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A nasal catheter is a tube inserted into the nose for procedures, oxygen administration, or monitoring purposes. Nasogastric tubes used to access the stomach through the nose may also be called nasal catheters in some settings. Careful placement is required to advance the tube through the nose without damaging the sinuses or stressing nasal polyps and other growths that may be present. The device can be uncomfortable for patients, some of whom may need to be sedated or provided with local anesthetic while they use it.
Length can vary, depending on the intended purpose, as can width. A medical practitioner selects the most appropriate one for a task on the basis of what is being done and the patient’s size. Nasal catheters are made from flexible materials like rubber and plastic so they can be gently guided into the nose and through the relevant structures while conforming to the shape of the body. For some procedures, medical imaging may be used to track the device to make sure it ends up in the right place.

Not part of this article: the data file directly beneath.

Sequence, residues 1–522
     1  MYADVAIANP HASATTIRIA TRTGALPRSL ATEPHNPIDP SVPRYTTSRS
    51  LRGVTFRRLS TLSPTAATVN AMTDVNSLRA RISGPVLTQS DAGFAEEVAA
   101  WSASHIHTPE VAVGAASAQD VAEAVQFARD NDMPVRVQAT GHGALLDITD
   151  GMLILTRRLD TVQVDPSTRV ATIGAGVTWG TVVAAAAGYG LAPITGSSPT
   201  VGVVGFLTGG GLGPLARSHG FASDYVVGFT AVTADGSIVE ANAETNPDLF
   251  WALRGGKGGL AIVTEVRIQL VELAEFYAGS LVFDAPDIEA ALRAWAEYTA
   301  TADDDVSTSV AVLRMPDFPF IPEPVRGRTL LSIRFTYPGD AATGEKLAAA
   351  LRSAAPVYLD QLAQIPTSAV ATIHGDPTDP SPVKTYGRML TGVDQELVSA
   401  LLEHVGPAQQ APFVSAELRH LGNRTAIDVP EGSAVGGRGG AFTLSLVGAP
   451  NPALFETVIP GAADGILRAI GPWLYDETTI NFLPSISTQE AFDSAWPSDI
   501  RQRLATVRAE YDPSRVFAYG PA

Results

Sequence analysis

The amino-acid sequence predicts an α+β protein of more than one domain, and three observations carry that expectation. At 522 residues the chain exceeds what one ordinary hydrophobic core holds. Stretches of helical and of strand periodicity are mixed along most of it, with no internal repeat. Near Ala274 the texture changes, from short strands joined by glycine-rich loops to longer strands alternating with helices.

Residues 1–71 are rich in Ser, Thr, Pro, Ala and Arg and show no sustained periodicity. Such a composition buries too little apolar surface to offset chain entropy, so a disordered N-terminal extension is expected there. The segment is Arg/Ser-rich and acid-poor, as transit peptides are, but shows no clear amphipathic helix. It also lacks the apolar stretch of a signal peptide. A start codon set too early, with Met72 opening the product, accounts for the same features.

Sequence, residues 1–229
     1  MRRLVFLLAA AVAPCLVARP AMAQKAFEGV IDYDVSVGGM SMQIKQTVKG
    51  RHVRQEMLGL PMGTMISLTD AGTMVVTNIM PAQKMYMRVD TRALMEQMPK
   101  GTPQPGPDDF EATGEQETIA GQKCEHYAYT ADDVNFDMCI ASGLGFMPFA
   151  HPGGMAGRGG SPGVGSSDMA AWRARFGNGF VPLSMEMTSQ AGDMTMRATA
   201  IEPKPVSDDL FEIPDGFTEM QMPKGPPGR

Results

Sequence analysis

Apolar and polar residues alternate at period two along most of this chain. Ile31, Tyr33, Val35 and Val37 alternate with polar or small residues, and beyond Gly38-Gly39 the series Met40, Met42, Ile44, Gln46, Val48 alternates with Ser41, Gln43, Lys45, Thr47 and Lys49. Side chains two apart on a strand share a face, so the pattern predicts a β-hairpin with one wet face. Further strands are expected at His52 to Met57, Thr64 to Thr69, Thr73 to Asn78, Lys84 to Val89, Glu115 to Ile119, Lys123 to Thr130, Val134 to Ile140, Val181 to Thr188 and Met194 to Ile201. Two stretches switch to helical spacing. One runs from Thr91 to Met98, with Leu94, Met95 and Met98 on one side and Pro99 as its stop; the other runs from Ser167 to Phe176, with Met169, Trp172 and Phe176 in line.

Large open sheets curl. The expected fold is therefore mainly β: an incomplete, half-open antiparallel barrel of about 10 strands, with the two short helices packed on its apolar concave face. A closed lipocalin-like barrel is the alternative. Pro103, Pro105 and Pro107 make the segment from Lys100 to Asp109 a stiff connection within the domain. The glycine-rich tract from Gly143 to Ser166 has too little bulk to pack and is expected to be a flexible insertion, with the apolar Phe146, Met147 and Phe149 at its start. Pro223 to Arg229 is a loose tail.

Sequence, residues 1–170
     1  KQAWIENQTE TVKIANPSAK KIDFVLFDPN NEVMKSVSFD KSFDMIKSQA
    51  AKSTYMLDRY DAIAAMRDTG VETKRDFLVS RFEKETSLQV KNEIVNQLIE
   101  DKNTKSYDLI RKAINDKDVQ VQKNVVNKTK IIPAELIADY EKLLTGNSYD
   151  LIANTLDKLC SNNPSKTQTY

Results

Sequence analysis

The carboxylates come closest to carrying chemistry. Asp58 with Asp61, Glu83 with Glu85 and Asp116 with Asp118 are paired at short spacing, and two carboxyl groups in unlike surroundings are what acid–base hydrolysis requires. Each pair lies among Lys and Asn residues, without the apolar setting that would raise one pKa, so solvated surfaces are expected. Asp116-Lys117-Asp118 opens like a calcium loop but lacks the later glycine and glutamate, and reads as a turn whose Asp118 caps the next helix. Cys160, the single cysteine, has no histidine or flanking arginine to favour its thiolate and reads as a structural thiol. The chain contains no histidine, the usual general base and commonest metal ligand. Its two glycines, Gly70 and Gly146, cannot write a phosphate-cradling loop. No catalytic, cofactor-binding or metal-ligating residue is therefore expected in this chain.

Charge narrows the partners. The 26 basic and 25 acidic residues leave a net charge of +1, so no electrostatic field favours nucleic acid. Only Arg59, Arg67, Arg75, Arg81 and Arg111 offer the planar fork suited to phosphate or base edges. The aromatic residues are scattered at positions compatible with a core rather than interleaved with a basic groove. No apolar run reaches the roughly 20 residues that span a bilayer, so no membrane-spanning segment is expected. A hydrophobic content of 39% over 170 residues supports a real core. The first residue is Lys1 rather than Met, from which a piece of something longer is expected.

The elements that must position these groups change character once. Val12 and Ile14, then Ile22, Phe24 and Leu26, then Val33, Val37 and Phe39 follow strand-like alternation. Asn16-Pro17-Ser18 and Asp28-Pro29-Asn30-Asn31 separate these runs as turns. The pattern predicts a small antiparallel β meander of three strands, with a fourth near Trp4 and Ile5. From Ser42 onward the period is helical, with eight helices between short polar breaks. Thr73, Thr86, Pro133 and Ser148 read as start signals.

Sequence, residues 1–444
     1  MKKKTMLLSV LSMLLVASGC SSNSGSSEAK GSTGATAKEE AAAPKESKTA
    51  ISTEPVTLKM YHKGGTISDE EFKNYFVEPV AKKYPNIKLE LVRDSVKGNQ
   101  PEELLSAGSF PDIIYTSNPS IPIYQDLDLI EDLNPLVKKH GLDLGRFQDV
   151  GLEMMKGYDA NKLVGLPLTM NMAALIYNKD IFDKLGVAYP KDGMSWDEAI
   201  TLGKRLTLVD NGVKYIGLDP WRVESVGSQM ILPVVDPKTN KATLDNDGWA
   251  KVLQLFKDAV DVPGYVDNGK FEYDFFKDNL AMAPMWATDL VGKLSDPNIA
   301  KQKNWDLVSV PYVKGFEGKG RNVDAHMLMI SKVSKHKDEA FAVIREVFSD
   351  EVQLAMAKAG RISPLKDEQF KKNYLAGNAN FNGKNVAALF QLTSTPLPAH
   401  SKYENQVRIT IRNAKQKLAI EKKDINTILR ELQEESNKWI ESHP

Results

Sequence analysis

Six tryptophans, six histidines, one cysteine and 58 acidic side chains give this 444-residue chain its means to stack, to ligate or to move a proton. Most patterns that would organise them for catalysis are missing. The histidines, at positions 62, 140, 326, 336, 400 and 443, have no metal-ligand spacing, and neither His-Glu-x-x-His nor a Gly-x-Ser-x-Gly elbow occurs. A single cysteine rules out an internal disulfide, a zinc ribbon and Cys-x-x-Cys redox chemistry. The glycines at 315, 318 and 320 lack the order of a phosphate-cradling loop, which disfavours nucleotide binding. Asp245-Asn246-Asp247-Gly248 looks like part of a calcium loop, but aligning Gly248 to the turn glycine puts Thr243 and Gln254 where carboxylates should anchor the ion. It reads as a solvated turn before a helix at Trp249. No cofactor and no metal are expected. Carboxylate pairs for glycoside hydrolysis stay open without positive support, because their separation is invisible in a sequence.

Sometimes a nasal catheter can be used to deliver oxygen to a patient when the oral route is not available. This differs from a nasal cannula, which consists of two small prongs clipped to the nose to deliver oxygen for a patient who is having trouble getting enough. Conversely, patients who are breathing independently may wear a nasal catheter that acts as a monitoring device to track exhaled gases, checking for indicators that the patient is experiencing complications.
Another use of the nasal catheter is found in sinus surgery. Patients with severe sinus blockage that does not respond to conservative treatment may need a procedure where a balloon catheter is inserted into the nasal cavity to open up the sinuses. The balloon can be expanded once it is in position to clear obstructions and allow the sinuses to drain. Patients with severe nosebleeds may also need a balloon procedure to stop the bleeding, where the balloon puts pressure on leaking vessels inside the nose.
Nasogastric tubing is run through the nose, into the esophagus, and down to the stomach. Insertion of this type of nasal catheter may require local anesthetic and a lubricant to reduce pain and irritation for the patient. It may be used to pump out the stomach contents or to introduce something to the stomach that the patient cannot take through the mouth. These devices are positioned and used with care to avoid damage to the mucosa that line the nose and upper gastrointestinal tract.
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